PayPal in Nigeria? No. But there's more.
South African Telcos want to be the Next Safaricom
in partnership with FLUTTERWAVE 11.09.2020
Welcome to TC Daily! In today's digest: Helios backs Thunes' $60 million round, Nigeria looks on as PayPal rolls out Instant Transfers globally, and South African telcos want to be the next Safaricom. Please take a moment to subscribe to this newsletter if this email was forwarded to you. Also subscribe to The Next Wave, our Sunday newsletter designed to be your post-pandemic guide on tech and innovation in Africa.
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UPDATE
In yesterday's newsletter, we reported on Piggyvest's activation of two-factor authentication on its mobile app. In fact, our description of the new security features was incomplete. We have provided a fuller picture in this article, with direct quotes from Odunayo Eweniyi, the startup's Chief Operating Officer.
PAYPAL
This news will make Nigerians cringe. PayPal has teamed up with Visa to expand a service that allows users globally to receive funds transfers faster. The service is called Instant Transfers and it was first launched by PayPal in March 2019 in the US. Now, the service is going global, using Visa Direct to make electronic payouts and cross-border transfers quicker. Instant Transfers cuts down the waiting time for funds transfers from a matter of days to minutes. The global rollout of Instant Transfers was accelerated by the pandemic. According to TechCrunch: "PayPal said that a recent survey it conducted found that 76% of small businesses in the US have reported that they are struggling with cash flow shortages, and 91% said the having real-time settlement could help with some of that." This is great news for PayPal users globally. But not for Nigerians. See, for the better part of the last decade, Nigerian-based users have had restricted access to PayPal’s services. Nigerian users can only send money abroad but can’t receive funds via PayPal. The US company hasn’t disclosed why, but many suspect the country’s international reputation for online fraud has played a big role. In 2011 when former Forbes writer Mfonobong Nsehe tried to find out why, he wrote: "PayPal replied to me, saying that they suspected illegal activity was going on with my account since it was being accessed from Nigeria." While PayPal did formally launch in Nigeria in 2014, the restriction has remained. Painfully, PayPal’s expansion of Instant Transfers comes at a time when a number of Nigerian banks have placed limits on international transactions as the country’s foreign exchange scarcity causes uncertainty. With a Naira Mastercard or Visa card at GT Bank, one of the country’s biggest banks, users can only transact up to $100 monthly. For Ecobank Nigeria, the spending limit is capped at… $20 only. Of course, there are a few workarounds including the use of cryptocurrency exchanges and cross-border services like Flutterwave’s dollar virtual card on the Barter app. However, the fact that Nigerians are limited from the international trading environment is a reminder that this problem hasn’t been fixed. While there are many innovative payment solutions for in-country transactions, cross-border transaction remains challenging. This problem affects everybody from local merchants who wants to sell abroad to Nigeria-based gig workers providing services on platforms like Fiverr, Upwork, among others.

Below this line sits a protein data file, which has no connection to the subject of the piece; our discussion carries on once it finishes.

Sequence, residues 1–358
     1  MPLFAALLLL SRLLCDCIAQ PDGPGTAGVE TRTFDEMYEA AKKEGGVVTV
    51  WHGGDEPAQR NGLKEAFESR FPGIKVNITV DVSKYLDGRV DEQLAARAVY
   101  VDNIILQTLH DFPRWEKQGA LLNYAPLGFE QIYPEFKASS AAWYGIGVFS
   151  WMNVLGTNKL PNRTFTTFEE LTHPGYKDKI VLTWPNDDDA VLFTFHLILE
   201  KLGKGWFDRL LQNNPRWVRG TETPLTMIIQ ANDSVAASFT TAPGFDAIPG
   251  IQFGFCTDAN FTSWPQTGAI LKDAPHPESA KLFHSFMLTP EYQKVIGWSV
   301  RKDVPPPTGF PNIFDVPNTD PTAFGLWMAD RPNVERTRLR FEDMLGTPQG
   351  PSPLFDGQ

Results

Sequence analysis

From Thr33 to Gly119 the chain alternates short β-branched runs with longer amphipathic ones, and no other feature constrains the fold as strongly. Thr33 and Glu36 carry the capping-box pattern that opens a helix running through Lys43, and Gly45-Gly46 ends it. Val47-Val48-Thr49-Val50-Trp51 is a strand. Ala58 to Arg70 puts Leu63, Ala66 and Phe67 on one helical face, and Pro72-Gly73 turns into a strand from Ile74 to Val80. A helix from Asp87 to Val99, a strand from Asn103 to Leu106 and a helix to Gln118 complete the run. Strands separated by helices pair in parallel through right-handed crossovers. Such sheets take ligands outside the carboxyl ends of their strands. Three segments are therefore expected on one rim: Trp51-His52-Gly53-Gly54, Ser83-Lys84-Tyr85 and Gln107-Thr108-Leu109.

FUNDING ROUND

Here’s uplifting news. Helios Investment Partners has led the $60 million Series B round in Thunes, a Singapore-based cross-border payments company. Thunes was formed in 2016 under a company called TransferTo. But following a restructuring in February 2019, it became a standalone business. Thunes is a cross border payment network, similar to SWIFT, the global standardized messaging system for the finance industry. Thunes provides a standardised set of rules and APIs that allow a variety of financial services to communicate with each other and make transactions. Speaking to TechCrunch, Thunes’ CEO, Peter De Caluwe says the company is focused on a number of categories:
  1. Cash-driven markets.
  2. Countries where digital wallets are popular, like Kenya’s mPesa.
  3. Markets with many payment gateways like Nigeria where there is Paystack, Flutterwave, Interswitch, Remita, among a few others.
  4. It serves banks that "usually work with businesses."
  5. International remittance services such as MoneyGram and Western Union. Thunes counts both companies as customers including PayPal.